Countrywide, as many as eight in 10 children learnt little or nothing since schools closed because of Covid-19, a study in September found.
He has known how to write his name for years. That is why I was so surprised when he had to think before writing it and still got it wrongParent Victoria Kanini
A recent study by Unicef anticipates low educational achievement on average after schools reopen following a long-term shutdown.
Changes in parents’ employment status and access to food, for example, will directly impact students' performance, the study noted.
“Families with financial resources, stable employment and flexible work-from-home and childcare arrangements will likely weather this storm more easily than families who are renting their houses, working in low-paying fields that are hardest hit by the economic impacts, and experiencing higher rates of food insecurity, family instability and other shocks from this disruption,” reads the report.
Each day of closure, the study finds, is associated with a drop in scores in math and English.
Ofafa Jericho headteacher Elizabeth Ochieng’ understands the inequalities that exist among the pupils, who mostly come from slums near the school.
“We only had three children with 80 marks and above, and they are not the usual best-performing pupils we were used to. Now a child who was getting 90 marks before schools closed is getting 60,” she said.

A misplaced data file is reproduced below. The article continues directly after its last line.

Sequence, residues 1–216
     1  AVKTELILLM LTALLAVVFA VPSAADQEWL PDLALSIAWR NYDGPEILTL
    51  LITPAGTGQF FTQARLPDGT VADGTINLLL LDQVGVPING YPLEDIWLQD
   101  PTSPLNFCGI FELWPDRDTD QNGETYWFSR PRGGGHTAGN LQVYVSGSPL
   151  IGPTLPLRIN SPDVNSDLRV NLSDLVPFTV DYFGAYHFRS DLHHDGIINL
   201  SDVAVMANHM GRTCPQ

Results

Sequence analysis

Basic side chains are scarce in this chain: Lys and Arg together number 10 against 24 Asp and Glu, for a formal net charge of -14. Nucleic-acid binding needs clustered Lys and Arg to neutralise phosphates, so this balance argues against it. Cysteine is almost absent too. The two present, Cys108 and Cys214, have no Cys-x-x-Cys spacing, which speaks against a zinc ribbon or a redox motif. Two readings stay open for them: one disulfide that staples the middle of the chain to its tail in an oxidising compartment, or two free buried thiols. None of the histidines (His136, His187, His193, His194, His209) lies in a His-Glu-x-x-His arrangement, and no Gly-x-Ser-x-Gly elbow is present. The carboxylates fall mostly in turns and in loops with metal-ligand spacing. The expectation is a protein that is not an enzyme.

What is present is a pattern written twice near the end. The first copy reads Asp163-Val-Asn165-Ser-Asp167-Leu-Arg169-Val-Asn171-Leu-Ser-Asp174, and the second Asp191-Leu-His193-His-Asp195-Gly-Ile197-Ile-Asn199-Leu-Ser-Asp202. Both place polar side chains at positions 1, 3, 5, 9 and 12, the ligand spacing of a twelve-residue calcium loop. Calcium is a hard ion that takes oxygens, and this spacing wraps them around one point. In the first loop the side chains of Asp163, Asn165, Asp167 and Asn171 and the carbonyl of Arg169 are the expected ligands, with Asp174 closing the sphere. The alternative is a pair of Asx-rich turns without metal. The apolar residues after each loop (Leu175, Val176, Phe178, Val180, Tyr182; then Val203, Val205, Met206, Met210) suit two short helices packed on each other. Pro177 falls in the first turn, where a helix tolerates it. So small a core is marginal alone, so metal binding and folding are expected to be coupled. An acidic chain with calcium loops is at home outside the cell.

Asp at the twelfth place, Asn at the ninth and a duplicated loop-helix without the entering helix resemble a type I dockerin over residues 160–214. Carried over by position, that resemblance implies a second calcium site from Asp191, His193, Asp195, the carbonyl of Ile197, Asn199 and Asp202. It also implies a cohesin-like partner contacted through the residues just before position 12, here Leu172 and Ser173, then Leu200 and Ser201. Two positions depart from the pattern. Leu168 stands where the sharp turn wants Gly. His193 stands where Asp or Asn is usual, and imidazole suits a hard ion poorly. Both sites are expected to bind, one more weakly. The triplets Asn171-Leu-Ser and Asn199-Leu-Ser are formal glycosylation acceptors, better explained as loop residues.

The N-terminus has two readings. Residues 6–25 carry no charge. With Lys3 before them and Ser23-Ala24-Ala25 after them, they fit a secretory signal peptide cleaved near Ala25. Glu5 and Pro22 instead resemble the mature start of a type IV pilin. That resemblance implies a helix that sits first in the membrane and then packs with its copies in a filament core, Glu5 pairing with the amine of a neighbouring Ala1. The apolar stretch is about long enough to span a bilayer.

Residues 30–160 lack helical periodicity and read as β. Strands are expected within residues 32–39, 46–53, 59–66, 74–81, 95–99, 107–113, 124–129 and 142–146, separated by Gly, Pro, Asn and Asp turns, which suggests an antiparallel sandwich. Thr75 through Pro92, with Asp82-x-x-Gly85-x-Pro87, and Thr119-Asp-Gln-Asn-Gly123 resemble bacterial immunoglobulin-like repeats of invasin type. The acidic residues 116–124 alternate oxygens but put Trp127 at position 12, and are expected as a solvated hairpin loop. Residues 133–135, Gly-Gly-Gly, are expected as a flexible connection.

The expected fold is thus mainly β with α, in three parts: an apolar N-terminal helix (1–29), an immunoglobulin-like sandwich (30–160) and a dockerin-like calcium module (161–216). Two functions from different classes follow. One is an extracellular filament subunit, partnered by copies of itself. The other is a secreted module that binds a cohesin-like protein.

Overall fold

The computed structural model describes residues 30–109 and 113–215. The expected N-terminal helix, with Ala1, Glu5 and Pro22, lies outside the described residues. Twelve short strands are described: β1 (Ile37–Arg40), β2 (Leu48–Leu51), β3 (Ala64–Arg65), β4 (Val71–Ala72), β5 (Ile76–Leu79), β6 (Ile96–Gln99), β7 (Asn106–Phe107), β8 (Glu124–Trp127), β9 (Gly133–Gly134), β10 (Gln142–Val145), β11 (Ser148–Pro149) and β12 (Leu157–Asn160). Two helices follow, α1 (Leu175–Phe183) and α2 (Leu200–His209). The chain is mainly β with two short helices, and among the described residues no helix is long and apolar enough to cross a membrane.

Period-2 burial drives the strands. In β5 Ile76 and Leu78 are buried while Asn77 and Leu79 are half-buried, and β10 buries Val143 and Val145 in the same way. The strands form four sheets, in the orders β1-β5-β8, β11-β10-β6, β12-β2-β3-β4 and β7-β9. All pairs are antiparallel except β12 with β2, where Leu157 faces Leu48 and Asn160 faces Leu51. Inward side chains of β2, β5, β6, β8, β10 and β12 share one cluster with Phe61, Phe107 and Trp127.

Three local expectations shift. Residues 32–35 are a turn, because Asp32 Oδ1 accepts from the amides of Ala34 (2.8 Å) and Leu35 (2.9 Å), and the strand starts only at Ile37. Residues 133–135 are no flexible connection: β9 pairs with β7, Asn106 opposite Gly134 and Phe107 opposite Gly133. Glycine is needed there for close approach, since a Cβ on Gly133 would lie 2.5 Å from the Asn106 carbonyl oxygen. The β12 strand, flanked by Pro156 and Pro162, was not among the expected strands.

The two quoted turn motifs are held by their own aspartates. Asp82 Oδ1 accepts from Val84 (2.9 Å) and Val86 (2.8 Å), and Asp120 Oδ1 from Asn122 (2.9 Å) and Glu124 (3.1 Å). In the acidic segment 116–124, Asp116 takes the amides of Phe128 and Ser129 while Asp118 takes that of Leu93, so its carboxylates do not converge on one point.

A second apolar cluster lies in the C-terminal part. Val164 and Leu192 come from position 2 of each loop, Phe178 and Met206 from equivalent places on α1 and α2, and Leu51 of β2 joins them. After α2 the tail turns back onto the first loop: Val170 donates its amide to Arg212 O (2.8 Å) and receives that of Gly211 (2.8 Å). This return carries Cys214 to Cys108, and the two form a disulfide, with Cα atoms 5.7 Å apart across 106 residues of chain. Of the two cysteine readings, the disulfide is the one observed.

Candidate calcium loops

“Most pupils were opening their books for the first time when we opened. The biggest population comes from low-income households, who cannot afford to study online and do not own a television.”
Like they do during their holidays, most pupils spent most of their time helping their parents fend for their families and, therefore, had no time to study.
“Being in school helps many of the pupils. Some have been relying on the school meals completely, even saving some to take to their siblings back home. When schools close, they have to find a means of helping to put food on the table,” she said.
Ochieng’ said it would be inevitable that such children had a reversed or stunted academic development. While pupils from informal settlements lagged behind for lack of resources, their counterparts in more privileged set-ups did not progress much.